Skin Cancer

Skin cancer is common in NZ and is related to the fact that many New Zealanders have inherited a fair complexion from ancestors who came from a northern climate at high latitude. Celtic skin is much thinner and less pigmented in order to gather light at lower levels in northern climes to make Vitamin D in the skin. It is this that makes white skinned people prone to develop skin cancer as the life span progresses.

Nature’s evolutionary process thickens and darkens the skin as humans live further towards the equator.

Maori skin is nature’s solution for this latitude being medium pigment and medium thickness. Maori however are not exempt from skin cancer risk with many having some European ancestors. The genetic expression of skin type can be very variable with thin skin combining with some pigment. It is the skin thickness that provides most of the protection from UV radiation.

Skin cancer arises  due to the fact that the UV light damages the genetic structures of  Stem cell population in the skin whose job it is to turn the skin over once a month in order to replace the aged skin cells. Additionally the immune cells whose job it is to remove damaged cells are also impaired by UV light. The prevention regimen is based on this understanding and is an essential part of treatment.

If your doctor has referred you with a suspected skin cancer then the first step is to have a good look and enquire about past and family history.  An early step is to perform a biopsy under local anaesthesia to determine the tumour type and characteristics.  Once this step has been done a treatment plan is discussed with you.

If it is possible we always do the simplest thing, which may be removal under local anaesthesia.

If the tumour has previously been excised but unsuccessfully or is more aggressive then we may arrange to remove it and repair the defect under a general anaesthetic usually as a day case.

We often also perform an examination at the time of removal with the help of our Pathologists called Frozen Section whilst you are still asleep. This entails removing 4 mm of tissue around the tumour, which gives a 97% chance of complete removal. An extra 1 mm of tissue is removed from all margins and sent to the laboratory snap frozen, stained and examined to confirm clearance before reconstruction is done.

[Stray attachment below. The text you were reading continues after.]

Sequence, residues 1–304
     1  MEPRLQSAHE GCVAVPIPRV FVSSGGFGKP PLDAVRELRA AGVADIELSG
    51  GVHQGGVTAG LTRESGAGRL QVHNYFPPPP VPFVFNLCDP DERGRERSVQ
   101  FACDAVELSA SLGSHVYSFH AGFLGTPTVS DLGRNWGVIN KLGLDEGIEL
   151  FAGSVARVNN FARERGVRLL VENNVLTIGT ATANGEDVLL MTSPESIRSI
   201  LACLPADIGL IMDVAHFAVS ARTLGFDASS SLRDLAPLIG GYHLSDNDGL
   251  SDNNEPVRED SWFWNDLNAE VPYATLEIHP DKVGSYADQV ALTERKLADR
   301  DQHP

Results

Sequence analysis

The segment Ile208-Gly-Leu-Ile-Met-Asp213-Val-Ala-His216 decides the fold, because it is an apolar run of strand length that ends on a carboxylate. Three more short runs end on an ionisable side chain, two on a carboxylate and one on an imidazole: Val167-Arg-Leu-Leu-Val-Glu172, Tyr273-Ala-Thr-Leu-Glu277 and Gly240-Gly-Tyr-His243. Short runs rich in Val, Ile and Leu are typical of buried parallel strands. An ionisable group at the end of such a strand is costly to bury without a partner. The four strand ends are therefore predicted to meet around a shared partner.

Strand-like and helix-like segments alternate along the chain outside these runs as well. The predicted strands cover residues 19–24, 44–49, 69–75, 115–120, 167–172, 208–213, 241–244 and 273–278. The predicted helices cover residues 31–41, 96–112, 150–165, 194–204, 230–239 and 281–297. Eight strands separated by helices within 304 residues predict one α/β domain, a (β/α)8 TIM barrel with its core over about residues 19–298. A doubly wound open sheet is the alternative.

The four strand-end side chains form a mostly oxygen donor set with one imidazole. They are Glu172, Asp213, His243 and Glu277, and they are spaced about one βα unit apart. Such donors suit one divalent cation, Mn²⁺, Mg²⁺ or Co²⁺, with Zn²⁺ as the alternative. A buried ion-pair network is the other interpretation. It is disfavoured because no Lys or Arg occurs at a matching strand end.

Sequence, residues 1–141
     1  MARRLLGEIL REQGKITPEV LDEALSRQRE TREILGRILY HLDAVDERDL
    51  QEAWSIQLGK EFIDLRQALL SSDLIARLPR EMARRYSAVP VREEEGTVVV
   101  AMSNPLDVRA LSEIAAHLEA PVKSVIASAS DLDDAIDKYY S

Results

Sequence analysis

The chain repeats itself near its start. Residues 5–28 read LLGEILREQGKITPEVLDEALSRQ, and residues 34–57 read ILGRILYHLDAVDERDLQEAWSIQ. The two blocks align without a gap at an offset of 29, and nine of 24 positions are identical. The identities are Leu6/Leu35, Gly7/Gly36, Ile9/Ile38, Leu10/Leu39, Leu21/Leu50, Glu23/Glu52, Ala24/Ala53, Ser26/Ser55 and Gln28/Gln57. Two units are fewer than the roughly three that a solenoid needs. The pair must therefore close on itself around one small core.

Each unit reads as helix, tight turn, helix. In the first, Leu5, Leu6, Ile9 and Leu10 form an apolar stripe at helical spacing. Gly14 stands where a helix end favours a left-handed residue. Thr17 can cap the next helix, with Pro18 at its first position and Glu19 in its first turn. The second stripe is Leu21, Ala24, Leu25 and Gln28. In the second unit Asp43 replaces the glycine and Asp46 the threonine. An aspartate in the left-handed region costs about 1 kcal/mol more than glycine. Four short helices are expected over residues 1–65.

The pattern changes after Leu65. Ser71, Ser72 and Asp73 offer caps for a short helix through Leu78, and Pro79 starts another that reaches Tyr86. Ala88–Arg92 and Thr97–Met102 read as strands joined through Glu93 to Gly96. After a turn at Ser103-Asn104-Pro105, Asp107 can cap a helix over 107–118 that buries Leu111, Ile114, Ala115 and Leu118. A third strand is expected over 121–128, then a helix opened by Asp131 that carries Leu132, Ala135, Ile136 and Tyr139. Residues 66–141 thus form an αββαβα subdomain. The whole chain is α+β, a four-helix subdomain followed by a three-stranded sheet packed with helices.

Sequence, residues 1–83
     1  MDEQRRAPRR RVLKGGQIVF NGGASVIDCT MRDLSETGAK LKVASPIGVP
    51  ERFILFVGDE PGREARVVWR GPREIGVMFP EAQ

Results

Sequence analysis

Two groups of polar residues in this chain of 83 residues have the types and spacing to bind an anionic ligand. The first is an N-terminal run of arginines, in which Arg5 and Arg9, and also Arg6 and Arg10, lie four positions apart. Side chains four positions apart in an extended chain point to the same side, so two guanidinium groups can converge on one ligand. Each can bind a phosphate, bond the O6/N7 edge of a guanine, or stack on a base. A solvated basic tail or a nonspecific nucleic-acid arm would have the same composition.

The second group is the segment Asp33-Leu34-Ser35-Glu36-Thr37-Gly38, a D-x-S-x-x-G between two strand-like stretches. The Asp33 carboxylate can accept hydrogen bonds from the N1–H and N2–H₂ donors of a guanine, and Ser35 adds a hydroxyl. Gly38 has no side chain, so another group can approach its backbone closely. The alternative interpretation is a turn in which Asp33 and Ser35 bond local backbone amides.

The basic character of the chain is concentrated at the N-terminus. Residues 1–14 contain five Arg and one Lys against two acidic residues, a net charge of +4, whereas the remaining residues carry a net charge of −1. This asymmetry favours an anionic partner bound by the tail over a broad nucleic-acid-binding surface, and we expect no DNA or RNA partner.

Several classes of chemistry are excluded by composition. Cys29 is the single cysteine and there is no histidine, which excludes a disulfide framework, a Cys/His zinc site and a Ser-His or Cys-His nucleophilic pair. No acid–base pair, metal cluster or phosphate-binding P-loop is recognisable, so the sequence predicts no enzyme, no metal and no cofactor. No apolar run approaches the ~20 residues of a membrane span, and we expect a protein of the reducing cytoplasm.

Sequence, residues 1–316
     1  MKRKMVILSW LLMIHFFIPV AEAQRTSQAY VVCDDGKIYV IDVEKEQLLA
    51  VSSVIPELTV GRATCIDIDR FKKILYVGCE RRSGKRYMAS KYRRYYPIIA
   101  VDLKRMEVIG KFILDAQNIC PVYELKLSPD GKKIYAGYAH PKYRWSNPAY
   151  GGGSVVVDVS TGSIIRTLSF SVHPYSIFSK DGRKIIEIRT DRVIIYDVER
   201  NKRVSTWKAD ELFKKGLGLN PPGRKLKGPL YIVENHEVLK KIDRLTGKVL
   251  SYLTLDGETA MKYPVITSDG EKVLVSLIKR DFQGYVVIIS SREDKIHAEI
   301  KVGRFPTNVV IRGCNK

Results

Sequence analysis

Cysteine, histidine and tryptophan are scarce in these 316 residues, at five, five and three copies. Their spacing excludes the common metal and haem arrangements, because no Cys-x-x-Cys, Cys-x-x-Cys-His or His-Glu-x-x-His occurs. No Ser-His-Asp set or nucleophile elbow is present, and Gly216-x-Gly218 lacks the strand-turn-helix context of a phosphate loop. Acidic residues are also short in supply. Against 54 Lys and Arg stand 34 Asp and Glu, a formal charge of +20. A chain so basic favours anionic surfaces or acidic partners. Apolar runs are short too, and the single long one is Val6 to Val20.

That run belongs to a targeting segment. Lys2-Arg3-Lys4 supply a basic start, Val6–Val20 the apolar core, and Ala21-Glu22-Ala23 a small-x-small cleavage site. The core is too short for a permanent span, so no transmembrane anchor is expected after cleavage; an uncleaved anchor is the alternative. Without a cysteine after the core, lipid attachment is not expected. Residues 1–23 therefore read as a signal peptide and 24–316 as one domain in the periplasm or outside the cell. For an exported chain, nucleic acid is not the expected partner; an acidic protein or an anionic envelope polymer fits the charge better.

This gives a 99% chance that all is clear.

The careful use of frozen sections on all margins of excision is the same technology used in Mohs micrographic surgery, which is a precise surgical technique where thin layers of cancer-containing tissue is progressively removed and examined until only cancer-free tissue remains.

We are fortunate in having good pathologists to support us in this endeavour with constant improvement in the process and accuracy, recognised in recent Health Quality Awards (2017).

For very complex and advanced cases more than one round of frozen section is performed to achieve a complete clearance. Less commonly this may be divided into two separate theatres.

The form of reconstruction is the simplest that will achieve a good cosmetic outcome and will be discussed in detail at the time of consultation prior to operation booking.

Complex reconstructions may sometimes but not always require more than one stage.

Prevention and ongoing management to reduce the risk of further lesions is an important part of treatment.

This will be discussed in detail and you will be trained in the use of preventative and early treatment creams. This approach is highly effective at reducing frequent flyer status as without it there is a very high risk of further lesions needing to be removed.

An annual skin check is usually part of this regimen and is supported by your insurance company.

If you are an affiliated member of SX then coverage is automatic subject to your insurance policy and treatment can be arranged without any further paperwork at your convenience.